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This study was undertaken to examine the impact of the cold war on the struggle against apartheid in South Africa. The primary source of data for this study is drawn from already written materials of renowned scholarship. In other words, Library research method of data collection is used. That is, Materials found in Libraries, Journals, Newspapers (Nationals Dailies), Magazines, and seminar Monographs, Published and unpublished theses.

This study reveals that The Cold War in the South African possessed a particular dimension which differentiated it markedly from the battle of systems and ideas in continental Europe. This was a direct product of the particular socio-economic development of South Africa, and it's associated class structure which was indelibly linked to racial discrimination and exploitation.




The Cold War conflict between the US and the Soviet Union had an enormous influence on the contemporary history of the world, leaving few regions untouched by the ideological contest of the superpowers and the ensuing wars that accompanied this rivalry. Despite often being neglected in Western histories, South Africa was also greatly affected by this global contest. It undoubtedly had wide-ranging ramifications for the region and its people, many of them negative. The Cold War rivalry helped frame the thirty years of turmoil in South Africa, and it acted as an important ideological foundation for the white-minority regimes and the various liberation movements. Both sides exploited this ideological rivalry for their own ends, but had ultimately opposite goals. The Cold War tensions provided an opportunity for the belligerents to legitimise their own actions.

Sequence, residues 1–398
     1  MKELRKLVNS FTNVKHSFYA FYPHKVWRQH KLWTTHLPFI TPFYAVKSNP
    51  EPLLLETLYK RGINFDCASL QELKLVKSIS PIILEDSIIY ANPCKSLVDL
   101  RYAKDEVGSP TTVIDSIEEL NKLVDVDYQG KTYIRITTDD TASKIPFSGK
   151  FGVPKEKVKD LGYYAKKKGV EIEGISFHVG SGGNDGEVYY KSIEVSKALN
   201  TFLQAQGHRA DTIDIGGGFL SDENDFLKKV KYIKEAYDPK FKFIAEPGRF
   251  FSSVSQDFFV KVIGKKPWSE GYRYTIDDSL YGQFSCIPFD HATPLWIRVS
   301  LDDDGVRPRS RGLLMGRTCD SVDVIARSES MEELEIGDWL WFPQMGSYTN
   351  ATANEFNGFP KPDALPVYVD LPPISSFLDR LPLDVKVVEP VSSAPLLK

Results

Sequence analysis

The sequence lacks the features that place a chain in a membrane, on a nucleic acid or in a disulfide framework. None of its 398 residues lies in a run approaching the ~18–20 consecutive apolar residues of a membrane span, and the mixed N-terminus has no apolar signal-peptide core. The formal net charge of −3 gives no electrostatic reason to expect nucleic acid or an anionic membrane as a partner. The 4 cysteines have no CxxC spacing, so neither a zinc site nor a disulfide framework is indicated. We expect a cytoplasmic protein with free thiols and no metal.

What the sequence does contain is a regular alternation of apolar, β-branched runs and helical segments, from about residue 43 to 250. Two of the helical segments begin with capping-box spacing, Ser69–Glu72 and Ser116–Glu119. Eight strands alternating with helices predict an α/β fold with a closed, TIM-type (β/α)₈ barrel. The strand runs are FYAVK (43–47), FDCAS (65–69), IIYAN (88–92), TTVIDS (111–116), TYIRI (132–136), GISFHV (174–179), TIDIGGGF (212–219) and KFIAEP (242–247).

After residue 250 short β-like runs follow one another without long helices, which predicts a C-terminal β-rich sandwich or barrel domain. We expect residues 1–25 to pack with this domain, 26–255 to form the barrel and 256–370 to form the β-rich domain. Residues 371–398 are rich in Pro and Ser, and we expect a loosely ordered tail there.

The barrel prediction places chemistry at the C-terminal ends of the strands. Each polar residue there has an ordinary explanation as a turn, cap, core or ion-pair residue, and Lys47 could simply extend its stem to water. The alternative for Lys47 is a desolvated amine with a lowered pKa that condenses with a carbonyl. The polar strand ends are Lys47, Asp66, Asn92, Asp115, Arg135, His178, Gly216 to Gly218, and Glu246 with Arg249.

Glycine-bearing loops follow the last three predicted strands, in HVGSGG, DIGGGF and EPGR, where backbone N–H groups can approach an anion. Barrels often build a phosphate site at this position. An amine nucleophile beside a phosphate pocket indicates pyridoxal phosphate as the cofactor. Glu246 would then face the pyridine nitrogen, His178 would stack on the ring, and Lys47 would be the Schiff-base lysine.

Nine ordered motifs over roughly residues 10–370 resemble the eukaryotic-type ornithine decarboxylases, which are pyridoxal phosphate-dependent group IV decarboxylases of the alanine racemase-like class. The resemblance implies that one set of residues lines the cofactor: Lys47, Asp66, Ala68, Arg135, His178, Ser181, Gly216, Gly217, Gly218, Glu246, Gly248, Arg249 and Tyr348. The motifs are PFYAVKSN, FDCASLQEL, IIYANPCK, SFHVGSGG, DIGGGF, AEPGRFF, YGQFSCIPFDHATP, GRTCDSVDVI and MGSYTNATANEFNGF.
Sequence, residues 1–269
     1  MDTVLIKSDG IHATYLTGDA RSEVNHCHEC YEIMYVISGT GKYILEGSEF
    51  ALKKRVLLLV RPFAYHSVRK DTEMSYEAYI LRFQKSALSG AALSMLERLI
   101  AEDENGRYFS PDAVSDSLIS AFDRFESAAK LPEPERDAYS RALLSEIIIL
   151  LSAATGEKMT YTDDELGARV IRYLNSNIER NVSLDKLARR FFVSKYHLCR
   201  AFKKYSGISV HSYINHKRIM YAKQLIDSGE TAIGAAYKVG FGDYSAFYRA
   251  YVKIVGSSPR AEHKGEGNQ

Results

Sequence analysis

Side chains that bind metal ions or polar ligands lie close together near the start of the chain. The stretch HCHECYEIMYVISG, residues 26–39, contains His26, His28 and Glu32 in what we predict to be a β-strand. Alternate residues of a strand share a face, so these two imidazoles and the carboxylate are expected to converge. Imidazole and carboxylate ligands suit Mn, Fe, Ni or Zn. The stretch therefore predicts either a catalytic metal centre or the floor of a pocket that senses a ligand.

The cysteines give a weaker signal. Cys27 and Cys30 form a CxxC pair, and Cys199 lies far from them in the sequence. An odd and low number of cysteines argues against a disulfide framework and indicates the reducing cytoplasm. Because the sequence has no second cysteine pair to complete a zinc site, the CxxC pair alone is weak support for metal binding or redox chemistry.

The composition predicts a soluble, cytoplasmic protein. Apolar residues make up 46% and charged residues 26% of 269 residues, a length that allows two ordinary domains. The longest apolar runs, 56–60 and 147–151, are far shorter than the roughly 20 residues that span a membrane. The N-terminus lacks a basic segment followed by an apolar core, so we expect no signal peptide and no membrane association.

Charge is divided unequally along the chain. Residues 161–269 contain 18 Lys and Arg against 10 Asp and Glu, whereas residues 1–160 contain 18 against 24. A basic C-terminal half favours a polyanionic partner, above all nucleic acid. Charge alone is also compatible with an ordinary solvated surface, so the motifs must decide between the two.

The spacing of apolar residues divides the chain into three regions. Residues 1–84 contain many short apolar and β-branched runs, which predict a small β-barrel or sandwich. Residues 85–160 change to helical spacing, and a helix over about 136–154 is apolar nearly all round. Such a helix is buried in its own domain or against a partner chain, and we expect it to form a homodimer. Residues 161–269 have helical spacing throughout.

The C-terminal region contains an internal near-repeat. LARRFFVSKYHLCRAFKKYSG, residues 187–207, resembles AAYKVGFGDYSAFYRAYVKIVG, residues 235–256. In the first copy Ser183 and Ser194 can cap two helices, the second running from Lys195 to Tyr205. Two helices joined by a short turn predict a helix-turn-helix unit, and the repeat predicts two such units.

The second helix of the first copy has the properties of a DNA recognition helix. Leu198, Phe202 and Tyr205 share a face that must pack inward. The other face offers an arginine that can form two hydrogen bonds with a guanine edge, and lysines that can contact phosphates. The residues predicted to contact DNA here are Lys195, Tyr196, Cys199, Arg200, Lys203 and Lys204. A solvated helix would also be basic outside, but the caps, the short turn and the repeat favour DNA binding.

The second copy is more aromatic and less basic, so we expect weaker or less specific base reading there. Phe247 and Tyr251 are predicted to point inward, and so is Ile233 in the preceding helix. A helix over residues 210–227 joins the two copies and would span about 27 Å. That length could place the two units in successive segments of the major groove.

Apartheid was officially legalised as a state policy in South Africa in 1948 by minority Dutch Boers that mounted the political saddle after the withdrawal of British colonial masters. The basic ethos of Apartheid is racial superiority of minority whites who came into the country in 1652 against indigenous majority black and people of Asian descent known as coloureds. (Marshall, 2006). The majority and other non-Europeans were denied political rights and all civil liberties universally accepted and segregated in public places. This made blacks and the coloureds second class citizens whose existence was at the mercy of the minorities who made their way into the country by forced acquisition of lands and settlements. Ab initio, apartheid was resisted internally and externally. At the home front, many groups notably the African National Congress (ANC), Socialist party and the other Zulu ethnic groups mounted fierce protests against the evil system. As the protests repeatedly fell into deaf ears, the oppressed changed strategy by embarking on acts of sabotage and guerrilla warfare (Mandela, 1994). At some point most of the global community joined in the struggle against Apartheid. This became easy because it coincided with decolonization period and the new states within and outside Africa sympathised with the cause of the majority. However there is no denying the fact that former European colonial masters exhibited lackadaisical attitude to the struggle against apartheid because most still have colonial territories in the Continent (Reddy, 2004). When pressure by new states skyrocketed to an embarrassing level, they passively caged in by condemning the system without taking stringent measures like total isolation on the white regimes in South Africa. Most of them maintained close ties with the minority regimes thereby shielding it from economic and political pressure coming from Africa and other former colonial territories of South and Latin America and Asia. At the turn of the last decade of the 20th century, it became clear to practitioners of this inhuman and criminal system that it lacks the muscles and covered goodwill to keep going. The wind of change that collapsed the iron curtains of Eastern Europe and subsequent balkanisation of Union of Soviet Socialist Republic into twelve states signalled to them that it‟s time to throw in the towel. Without much ado, President FW de Klerk embarked on reforms aimed at dismantling apartheid via repealing the obnoxious laws that created it. First process was cutting the locks off most of the prisons that held captive the longest political prisoner of Robben Island Mr. Nelson Mandela and a host of his other comrades. The second phase was a protracted negotiation with African National Congress and other liberation struggle groups. After much push and pulls, take and give a political agenda was set. The third phase was conduct of an all-inclusive election that saw to the emergence of the first black president of the rainbow nation in 1994. Nelson Mandela, their leader in power sharing formula that lasted for years (Daily Independent, 2 February 2010).